Field Blog: Surveillance Site Assessment in Idodi and Pawaga Divisions

A HALI/PREDICT field update from our Coordinator, Dr. Harrison Sadiki:

The HALI/PREDICT project has been planning a visit to the villages buffering the wildlife management areas bordering Ruaha National Park this fall, in order to assess the potential for bat and rodent sampling as part of the PREDICT project’s wildlife disease surveillance program.  On the 6th of December, 2010, we started our first trip to the field going from Iringa (the HALI headquarters) to Tungamalenga village (110Km), where we spent a night at Chogela campsite (the HALI field camp). On our way to the site we looked for any signs of bats and rodents, and we observed the habitant/vegetation change for indicators of where the greatest number of these animals might be.

Signing the Visitor's Book at the village office.

On the morning of December 7th, we started with Mahuninga village, the last village in Idodi division bordering the protected area (the Wildlife Management Area bordering Ruaha National Park). It started raining in the morning when we met with the Muhuninga village Executive Officer. It is traditional when working in Tanzanian villages to always begin activities with introductions and meetings with the village officers.  We started by signing the visitor’s book (another Tanzanian custom – see picture at left) and introducing ourselves and the HALI/PREDICT mission – to conduct disease surveillance on bats and rodents to better understand what pathogens these animals may be carrying in the Ruaha Ecosystem. The Executive Officer was enthusiastic and he welcomed us to do research in his village.  After introductions and discussions, we moved to the area where they normally see bats; the special trees where all the villagers hold their meetings.

The HALI/PREDICT field team observing a location reported by villagers to house bats and rodents.

Unfortunately there was not a single bat on that day due to rain. The villagers said all the bats were hiding in big buildings like hospitals and schools, a very interesting point as hospitals and schools house people that are often more susceptible to disease and frequently have naive or compromised immune systems. We talked to a few people on site to get their input on bats and rodents, using their local language names for these animals.

After the village center, where 95% of people are of the Hehe tribe, we moved toward the area where pastoralists live (communities like the Maasai, Barabaig, and Sukuma), and we interviewed a few of  them on what they knew about bats and rodents, and if they see them regularly.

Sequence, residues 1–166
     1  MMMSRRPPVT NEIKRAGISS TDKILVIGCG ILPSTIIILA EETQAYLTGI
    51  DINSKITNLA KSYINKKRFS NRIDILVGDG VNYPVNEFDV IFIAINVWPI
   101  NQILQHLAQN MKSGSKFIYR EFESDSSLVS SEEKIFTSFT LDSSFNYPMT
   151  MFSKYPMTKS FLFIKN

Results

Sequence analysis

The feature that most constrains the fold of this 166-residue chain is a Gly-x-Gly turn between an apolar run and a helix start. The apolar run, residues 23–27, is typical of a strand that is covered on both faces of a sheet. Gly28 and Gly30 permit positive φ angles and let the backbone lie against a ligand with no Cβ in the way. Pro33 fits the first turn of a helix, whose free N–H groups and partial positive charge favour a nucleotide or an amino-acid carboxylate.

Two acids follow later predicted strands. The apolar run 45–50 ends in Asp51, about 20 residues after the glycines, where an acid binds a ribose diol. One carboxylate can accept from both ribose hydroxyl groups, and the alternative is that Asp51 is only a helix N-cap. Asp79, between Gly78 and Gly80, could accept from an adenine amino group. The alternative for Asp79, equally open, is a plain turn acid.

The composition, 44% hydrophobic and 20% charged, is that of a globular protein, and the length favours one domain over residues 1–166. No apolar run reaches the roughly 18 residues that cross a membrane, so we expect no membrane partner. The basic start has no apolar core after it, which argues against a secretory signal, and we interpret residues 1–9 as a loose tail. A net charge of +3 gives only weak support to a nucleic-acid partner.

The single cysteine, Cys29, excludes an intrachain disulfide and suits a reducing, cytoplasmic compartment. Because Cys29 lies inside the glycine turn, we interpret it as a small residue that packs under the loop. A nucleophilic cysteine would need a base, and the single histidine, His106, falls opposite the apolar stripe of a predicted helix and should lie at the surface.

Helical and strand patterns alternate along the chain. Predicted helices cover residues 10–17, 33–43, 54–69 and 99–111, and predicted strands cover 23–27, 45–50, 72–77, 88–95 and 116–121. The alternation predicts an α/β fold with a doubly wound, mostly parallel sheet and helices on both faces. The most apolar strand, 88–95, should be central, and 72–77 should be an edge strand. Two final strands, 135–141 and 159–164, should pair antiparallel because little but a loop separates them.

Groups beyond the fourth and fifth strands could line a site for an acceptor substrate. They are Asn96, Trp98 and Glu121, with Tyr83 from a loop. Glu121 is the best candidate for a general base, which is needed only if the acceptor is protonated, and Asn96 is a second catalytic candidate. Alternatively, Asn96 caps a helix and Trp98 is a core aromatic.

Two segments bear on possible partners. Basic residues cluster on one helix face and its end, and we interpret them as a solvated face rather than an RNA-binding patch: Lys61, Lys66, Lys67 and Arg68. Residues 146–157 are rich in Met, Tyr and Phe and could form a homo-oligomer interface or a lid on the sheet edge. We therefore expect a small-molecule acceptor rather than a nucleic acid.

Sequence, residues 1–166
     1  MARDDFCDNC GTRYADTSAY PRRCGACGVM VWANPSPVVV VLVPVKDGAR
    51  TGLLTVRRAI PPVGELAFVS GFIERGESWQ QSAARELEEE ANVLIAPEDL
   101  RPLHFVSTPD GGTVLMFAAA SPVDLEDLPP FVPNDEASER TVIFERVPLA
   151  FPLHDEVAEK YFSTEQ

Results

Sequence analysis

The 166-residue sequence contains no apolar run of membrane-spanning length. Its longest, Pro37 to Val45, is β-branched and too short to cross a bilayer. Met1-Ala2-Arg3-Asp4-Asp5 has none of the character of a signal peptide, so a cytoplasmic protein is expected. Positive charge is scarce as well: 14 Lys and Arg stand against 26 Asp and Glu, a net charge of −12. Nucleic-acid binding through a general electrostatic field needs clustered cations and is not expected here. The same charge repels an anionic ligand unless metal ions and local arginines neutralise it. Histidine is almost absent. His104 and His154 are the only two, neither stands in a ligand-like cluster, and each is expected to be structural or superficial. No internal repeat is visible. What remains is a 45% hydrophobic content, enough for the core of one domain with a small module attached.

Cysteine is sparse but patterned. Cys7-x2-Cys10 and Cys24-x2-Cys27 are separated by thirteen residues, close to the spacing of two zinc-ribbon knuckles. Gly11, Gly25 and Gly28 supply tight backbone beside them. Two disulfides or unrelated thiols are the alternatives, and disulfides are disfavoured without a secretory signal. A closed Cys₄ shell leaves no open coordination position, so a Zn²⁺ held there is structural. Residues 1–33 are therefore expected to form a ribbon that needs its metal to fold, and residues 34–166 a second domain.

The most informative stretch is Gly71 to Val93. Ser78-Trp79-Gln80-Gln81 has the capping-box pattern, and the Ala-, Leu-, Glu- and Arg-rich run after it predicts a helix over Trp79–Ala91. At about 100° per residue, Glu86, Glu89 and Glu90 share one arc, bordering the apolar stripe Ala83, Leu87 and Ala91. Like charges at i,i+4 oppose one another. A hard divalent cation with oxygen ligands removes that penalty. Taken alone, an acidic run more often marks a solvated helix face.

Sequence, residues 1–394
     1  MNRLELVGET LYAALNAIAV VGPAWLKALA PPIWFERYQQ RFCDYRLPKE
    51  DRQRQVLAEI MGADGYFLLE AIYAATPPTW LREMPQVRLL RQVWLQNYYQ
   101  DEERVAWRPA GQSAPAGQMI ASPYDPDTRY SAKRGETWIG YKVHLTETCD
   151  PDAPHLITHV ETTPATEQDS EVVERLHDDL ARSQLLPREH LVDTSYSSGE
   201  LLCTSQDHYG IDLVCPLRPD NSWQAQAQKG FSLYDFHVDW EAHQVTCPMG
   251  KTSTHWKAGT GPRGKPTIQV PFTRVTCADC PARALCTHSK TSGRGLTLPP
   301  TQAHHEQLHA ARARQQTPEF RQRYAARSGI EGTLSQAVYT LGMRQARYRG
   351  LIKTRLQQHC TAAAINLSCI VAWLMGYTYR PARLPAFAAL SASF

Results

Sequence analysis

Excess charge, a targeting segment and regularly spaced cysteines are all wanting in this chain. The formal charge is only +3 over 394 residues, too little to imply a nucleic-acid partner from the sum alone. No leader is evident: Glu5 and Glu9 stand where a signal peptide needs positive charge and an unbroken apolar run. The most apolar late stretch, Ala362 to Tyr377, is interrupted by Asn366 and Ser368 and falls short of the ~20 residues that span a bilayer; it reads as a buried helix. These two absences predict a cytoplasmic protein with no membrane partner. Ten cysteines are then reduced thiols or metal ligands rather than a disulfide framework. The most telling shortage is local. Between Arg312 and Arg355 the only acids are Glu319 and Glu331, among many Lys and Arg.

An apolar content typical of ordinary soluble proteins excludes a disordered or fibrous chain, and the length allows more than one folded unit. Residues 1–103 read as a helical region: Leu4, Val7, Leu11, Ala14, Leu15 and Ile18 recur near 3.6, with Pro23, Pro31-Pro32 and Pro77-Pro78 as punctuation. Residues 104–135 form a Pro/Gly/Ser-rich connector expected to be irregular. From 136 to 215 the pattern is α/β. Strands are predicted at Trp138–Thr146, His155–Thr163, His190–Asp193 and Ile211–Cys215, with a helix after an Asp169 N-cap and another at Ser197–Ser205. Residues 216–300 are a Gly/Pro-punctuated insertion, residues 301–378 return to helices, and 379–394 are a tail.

From Mahuninga we moved to Kitisi, the area with maximum interaction with wildlife at the edge of the protected area. Unfortunately, the village government officials were not there, so we drove back to Mapogoro village. This is a unique village with tall mango trees. According to the people living there, they normally see bats in these trees. We interviewed the village chairman and he was so excited to hear from us that we will be doing research on bats. On December 7th we all woke up at 5:30am and went to Mapogoro to watch for the bats returning to an abandoned house and the mango trees. We managed to see a few, small bats (popos in Kiswahili).

Staff Scientist Liz Vanwormer and new Assistant Coordinator Zikankuba Sijali.

Later that day, we moved from Idodi to Pawaga division, where we introduced ourselves and conducted interviews in Isele, Mbuyuni and Mboliboli villages. In Mboliboli, we passed through one of the Sukuma households, which is far from the village center. The Sukuma are an agr0-pastoralist community that has long been participating in the HALI project.  After our discussion with the head of the household, he presented a live chicken to Liz Vanwormer, our HALI/PREDICT staff scientist, on behalf of the group.

Generally our trip was successful because we managed to capture all the information we planned before (e.g. interviews with village officials and households on objectives of the study, locations of bats and rodents, observations of high-risk areas or interfaces with contact between bats/rodents and people, and GPS mapping of the area). We also managed to accomplish our mission despite of the rain, which makes driving from place to place very difficult as the roads are unpaved, and makes appointments with important officials and household members tricky to schedule and maintain.

This trip was also the first visit to the HALI project area for our two new team members Goodluck Paul and Zikankuba Sijali, both newly graduated Sokoine University of Agriculture veterinarians.  Bravo, bravo team!  We look forward to starting active surveillance of bats and rodents in these villages after the new year.

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